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March 3, 2013 11:05:14 PM

Ok.. I was reading about the inner workings of GDDR5 and GDDR3 and then the basic kind nand used in SSDs and then it occurred to me that at the core of PCs or games consoles today... its all about moving data from a slower place to a faster place for that data to be readily accessed.

Non-volatile Discs (CDs/DVDs/Blurays/HDDs) being cheapest for storage capacity but slowest for transfer bandwidth. Non volatile Nand flash as used in SSDs being the next best thing but still slow even at 500mb/s peak read/write speeds when compared to say something like volatile GDDR5 ram which can peak at over 250GB/s read/write.

So what I was wondering, just outta curiosity... if say windows OS can run off GDRR5 ram as its system memory, and say a hybrid SSD exists that basically combines lets just say 1TB of non-volatile memory as its "storage partition" and then say 100GB of GDDR5 grade volatile memory as its "activity" partition. And say this drive is connected using a proprietary bus that allows you get the peak bandwidth that GDDR5 permits.... wouldn't this mean that PCs or consoles using such tech will literally not have to have system/video ram anymore?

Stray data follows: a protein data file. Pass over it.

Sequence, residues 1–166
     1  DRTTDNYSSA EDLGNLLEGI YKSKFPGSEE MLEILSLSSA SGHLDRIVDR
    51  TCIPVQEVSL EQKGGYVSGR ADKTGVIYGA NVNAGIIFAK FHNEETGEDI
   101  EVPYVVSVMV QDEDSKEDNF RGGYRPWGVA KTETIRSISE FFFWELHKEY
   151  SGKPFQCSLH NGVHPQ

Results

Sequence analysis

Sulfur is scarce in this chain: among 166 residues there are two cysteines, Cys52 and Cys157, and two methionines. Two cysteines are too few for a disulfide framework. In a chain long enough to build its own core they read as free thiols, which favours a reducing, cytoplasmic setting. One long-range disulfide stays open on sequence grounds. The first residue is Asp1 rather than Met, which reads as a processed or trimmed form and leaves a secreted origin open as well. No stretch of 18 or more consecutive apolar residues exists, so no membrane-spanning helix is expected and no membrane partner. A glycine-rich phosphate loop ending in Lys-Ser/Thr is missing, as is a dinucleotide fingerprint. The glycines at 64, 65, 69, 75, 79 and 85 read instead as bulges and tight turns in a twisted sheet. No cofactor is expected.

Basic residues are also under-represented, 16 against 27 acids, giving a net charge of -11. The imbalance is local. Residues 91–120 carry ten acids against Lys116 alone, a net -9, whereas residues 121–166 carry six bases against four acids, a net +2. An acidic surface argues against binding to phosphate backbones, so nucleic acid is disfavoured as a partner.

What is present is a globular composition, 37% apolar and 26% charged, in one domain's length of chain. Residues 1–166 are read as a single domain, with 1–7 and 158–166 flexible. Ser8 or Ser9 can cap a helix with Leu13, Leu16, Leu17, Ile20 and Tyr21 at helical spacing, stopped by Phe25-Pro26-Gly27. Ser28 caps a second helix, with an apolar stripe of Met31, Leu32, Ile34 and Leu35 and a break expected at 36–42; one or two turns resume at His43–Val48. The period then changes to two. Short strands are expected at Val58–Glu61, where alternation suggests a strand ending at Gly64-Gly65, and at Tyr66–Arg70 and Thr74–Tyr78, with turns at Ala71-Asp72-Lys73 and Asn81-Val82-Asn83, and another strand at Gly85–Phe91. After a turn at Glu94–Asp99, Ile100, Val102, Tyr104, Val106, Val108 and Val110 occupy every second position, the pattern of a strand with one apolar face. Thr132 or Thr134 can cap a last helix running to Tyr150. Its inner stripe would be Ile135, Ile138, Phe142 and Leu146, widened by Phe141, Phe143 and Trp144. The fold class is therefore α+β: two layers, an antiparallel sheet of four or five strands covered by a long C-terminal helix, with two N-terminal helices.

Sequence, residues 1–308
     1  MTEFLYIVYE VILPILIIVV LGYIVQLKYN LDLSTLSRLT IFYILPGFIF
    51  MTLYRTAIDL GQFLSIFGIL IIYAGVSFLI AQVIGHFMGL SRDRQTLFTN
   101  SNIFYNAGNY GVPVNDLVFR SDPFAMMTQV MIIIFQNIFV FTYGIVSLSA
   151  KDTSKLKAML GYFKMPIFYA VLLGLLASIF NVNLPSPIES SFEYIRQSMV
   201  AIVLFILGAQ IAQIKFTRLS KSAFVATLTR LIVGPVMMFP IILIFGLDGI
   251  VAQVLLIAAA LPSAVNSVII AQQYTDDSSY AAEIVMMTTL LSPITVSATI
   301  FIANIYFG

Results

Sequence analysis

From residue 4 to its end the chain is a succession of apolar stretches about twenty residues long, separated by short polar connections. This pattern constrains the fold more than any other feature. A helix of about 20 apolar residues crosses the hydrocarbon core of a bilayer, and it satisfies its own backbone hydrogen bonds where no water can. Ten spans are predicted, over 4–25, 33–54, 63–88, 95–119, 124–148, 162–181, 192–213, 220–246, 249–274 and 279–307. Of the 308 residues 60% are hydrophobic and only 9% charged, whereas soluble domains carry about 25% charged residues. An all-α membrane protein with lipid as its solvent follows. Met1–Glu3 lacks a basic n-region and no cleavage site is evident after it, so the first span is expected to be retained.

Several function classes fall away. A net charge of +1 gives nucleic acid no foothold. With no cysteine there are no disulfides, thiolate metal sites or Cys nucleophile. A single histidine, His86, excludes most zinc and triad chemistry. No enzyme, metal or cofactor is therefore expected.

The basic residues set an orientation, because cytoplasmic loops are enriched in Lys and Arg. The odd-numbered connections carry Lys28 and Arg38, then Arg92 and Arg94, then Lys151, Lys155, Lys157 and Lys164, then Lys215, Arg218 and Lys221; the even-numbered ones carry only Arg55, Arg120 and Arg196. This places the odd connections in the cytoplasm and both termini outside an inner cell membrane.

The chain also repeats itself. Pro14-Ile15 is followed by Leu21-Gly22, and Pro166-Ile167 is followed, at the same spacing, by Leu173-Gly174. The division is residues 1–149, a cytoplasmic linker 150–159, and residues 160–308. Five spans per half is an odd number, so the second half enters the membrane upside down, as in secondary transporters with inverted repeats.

A work scenario will be something like this, you get a game, install it in your "storage partition"... then when you want to play the game it gets moved to the activity partition and basically runs as if you have a GDDR5 cartridge in your system.

In theory, could it be this simple or am i missing something? (and yes, I know something like that will cost a fortune... I'm just talking about the theory behind something like this)

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March 11, 2013 5:47:16 PM

This sounds kind of like the reverse idea of a ramdisk, that uses ram as disk space.

I imagine that proprietary bus you speak of has something to do with it not existing.

Im pretty sure memory connects through the north bridge and storage connects through the south bridge, so getting the same device to switch hit would require an interface that goes to both.
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